What are the most unusual pub names in the UK?

Common Pub Names

England boasts a plethora of pubs with names that range from the charmingly traditional to the downright eccentric. One such gem is "The Case is Altered" in Eastcote, London. The name, dating back to the 17th century, suggests a change in the legal proceedings, but patrons today are more interested in changing their beverage selection than the legal code.
In the picturesque village of Chillington, you'll stumble upon "The Pickled Inn." Don't let the name fool you; this pub isn't experimenting with unconventional pickling methods for its patrons. Instead, it's a nod to the ancient tradition of pickling fish and local produce, showcasing the area's maritime history. When in London you can do a Soho Music & Historic Pub Tour.

For a dash of literary whimsy, head to "The Jolly Judge" in Edinburgh. This cozy establishment, nestled in an old wynd, pays homage to its past life as a courtroom. Today, the judgments are all about whether to order a pint or a dram. You can also go on a pub crawl in central London.

Venturing into the heart of London, you might come across "Ye Olde Cheshire Cheese" on Fleet Street. This iconic pub has stood since the 17th century and has played host to literary giants like Charles Dickens. The peculiar name reflects the historical association with the county of Cheshire and, presumably, a fondness for dairy products.

In the village of Cropwell Bishop, you'll find "The Wheatsheaf Inn," but the locals affectionately call it "The Dirty Duck." This quirky moniker, more commonly associated with the theatre world, adds a touch of whimsy to the bucolic setting. Whether you're a theatre buff or just fancy a pint, "The Dirty Duck" promises a memorable visit.

In the coastal town of Deal, "The Just Reproach" stands as a quirky tribute to the temperance movement. The name is a playful paradox, inviting patrons to feel a slight sense of guilt for enjoying their favorite libations. With its Victorian-inspired decor, this pub blends history and humor seamlessly, making it a must-visit for those seeking an unusual drinking experience in England.

In England, pub names often reflect the country's rich history and quirky culture. Among the more unusual pub names are those that evoke intriguing imagery, such as "Bucket of Blood," which hints at a mysterious past and perhaps a dark tale or two. The "Red Lion" and "Swan" are more common pub names, yet they still stand out for their timeless appeal and association with British traditions. Some pubs may also have unique names tied to their local lore or the whims of their landlords, adding to the charm and diversity of the tavern scene across the country.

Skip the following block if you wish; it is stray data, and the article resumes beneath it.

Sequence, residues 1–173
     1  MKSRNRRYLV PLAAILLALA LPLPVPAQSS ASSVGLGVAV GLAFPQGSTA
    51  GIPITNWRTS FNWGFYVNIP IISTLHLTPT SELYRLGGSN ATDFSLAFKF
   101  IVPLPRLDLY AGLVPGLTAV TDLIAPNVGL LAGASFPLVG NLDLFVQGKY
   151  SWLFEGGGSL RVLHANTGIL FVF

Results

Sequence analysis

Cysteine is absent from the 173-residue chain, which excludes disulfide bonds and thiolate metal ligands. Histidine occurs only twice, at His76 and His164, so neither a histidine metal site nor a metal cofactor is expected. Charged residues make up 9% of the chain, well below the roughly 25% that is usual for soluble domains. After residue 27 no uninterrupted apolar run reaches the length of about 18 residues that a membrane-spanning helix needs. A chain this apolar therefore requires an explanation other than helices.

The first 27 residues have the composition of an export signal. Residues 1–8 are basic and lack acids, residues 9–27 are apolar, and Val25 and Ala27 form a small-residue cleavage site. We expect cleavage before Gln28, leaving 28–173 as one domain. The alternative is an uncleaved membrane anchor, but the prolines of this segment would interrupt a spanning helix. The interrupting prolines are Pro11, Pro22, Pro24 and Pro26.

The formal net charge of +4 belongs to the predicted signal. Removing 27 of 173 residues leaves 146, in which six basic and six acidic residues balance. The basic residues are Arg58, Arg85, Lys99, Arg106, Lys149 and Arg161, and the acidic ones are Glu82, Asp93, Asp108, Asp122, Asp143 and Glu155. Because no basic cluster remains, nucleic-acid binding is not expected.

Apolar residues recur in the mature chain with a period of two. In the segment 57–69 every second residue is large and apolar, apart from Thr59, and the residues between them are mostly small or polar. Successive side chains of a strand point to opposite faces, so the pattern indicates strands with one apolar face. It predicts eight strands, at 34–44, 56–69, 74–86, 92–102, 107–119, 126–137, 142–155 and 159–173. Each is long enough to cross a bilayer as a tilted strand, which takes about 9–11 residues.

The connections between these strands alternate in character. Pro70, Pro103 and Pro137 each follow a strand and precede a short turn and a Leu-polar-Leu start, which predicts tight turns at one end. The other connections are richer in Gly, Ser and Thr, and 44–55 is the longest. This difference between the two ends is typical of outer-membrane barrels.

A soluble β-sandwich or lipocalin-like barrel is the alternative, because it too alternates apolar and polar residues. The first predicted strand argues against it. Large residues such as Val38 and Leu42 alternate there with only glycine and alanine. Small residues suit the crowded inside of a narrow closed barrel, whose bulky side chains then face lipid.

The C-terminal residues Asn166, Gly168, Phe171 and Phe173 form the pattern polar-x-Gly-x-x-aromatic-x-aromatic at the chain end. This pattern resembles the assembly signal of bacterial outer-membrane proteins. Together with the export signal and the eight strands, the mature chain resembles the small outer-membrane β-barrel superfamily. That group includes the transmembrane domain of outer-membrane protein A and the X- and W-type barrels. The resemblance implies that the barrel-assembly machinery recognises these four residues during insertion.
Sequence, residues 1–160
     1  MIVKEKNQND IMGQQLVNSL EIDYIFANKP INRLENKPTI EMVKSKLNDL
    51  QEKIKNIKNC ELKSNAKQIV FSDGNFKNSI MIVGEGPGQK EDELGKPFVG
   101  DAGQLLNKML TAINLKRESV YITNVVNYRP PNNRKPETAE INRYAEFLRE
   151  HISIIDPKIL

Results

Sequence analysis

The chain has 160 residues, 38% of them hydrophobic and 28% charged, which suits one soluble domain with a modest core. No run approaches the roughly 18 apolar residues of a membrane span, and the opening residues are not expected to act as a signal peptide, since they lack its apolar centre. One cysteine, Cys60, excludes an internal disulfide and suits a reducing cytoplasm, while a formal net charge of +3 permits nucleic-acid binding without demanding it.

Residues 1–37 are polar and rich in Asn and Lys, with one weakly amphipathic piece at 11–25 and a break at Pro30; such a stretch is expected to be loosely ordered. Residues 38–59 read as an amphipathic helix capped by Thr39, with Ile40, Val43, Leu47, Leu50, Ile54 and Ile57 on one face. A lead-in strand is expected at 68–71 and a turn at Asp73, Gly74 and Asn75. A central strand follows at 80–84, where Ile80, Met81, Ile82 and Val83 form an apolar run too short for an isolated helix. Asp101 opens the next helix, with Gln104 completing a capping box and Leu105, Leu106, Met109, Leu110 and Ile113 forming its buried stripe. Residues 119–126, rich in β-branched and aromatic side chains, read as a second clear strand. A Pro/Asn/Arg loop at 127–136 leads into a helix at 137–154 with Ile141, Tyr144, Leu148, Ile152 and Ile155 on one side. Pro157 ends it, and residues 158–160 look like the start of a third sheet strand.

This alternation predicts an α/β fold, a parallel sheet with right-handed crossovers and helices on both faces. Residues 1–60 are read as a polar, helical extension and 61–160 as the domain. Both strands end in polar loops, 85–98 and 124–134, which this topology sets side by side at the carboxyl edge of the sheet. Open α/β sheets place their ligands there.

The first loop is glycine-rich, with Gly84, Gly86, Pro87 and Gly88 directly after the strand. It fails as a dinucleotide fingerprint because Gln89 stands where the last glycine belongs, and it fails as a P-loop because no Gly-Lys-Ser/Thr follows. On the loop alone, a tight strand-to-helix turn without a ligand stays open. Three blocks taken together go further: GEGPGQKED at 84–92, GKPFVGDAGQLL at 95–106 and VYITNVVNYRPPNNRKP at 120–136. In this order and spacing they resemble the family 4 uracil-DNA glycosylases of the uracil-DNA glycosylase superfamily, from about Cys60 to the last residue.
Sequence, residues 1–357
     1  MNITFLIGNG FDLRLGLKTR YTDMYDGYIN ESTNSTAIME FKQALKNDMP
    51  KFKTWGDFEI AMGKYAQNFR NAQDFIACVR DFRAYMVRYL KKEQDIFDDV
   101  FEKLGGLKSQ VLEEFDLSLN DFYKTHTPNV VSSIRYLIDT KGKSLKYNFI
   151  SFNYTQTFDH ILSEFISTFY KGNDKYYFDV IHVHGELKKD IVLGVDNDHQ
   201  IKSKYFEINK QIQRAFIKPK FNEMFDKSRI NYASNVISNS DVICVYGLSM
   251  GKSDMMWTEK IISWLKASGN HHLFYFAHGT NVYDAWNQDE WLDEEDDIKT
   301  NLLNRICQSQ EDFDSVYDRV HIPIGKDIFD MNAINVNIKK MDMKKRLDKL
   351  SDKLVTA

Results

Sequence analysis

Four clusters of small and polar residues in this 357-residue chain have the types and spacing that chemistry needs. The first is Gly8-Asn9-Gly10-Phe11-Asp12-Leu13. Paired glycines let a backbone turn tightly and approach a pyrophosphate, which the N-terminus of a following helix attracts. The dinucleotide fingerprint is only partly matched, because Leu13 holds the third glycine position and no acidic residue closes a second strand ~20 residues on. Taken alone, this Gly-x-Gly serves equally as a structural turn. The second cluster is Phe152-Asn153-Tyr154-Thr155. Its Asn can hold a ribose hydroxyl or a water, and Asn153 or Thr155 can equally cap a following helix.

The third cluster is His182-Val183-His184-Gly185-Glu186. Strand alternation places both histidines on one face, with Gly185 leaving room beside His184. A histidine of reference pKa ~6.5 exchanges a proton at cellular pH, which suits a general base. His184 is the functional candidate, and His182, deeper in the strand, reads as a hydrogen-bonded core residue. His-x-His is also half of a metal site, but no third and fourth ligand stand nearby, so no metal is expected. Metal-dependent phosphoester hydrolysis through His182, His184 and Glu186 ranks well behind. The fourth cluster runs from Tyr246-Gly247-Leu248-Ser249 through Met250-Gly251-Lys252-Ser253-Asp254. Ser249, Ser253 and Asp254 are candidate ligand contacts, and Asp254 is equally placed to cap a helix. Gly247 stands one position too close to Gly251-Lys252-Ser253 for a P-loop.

In England, there is a rich tradition of naming pubs with quirky and unusual names that often reflect local history, folklore, or even just a sense of humor. One example is the "Olde Cheshire Cheese" in London, which dates back to the 18th century and was a regular haunt of famous literary figures like Charles Dickens and Ben Jonson. The name refers to the fact that the pub was built on the site of an old cheese shop, and it has remained a popular choice of name for current owners due to its historical significance.

Another example of a peculiar pub name is the "Bucket of Blood" in Hayle, Cornwall. Despite its gory-sounding name, the pub's history actually dates back to the 19th century when it was frequented by tin miners. The name is believed to refer to the red liquid that would drip from the buckets used by the miners to transport ore, giving the impression of a bucket of blood. This unusual name adds to the pub's charm and has become a part of its identity.

UK pubs come in all sorts of strange names. Many pubs names are unique and definitely one of a kind. UK's rich pub culture boasts a plethora of intriguing and unconventional names that capture the imagination of patrons. From the whimsical "Drunken Duck" nestled in the quaint countryside to the enigmatic "Mad Bishop" in the bustling streets of London, these establishments exude charm and character. One can't help but be drawn to the allure of a pub called "Smuggler," evoking images of clandestine activities and hidden treasures. Each name tells a story, inviting visitors to step into a world of history and folklore. Whether it's a bustling city haunt or a cozy local pub, England's diverse array of pub names adds a touch of eccentricity to the traditional drinking experience.

One of the shortest pub names in Britain is "The Plough" which can be found across the UK. Despite its commonness, each "Plough" pub has its own unique story behind the name, whether it's related to local agriculture, historical significance, or simply a choice made by the current owners. The name reflects the bucolic nature of many British pubs, which often serve as meeting places for locals and travelers alike.

In conclusion, British pub names are as weird and wonderful as the pubs themselves, with each name often having a fascinating story behind it. From the seemingly random to the deeply historical, pub names across the UK reflect the rich tapestry of British history and culture. Whether it's the "Bucket of Blood" in Cornwall or the "Olde Cheshire Cheese" in London, these unusual names add character and charm to the British pub scene.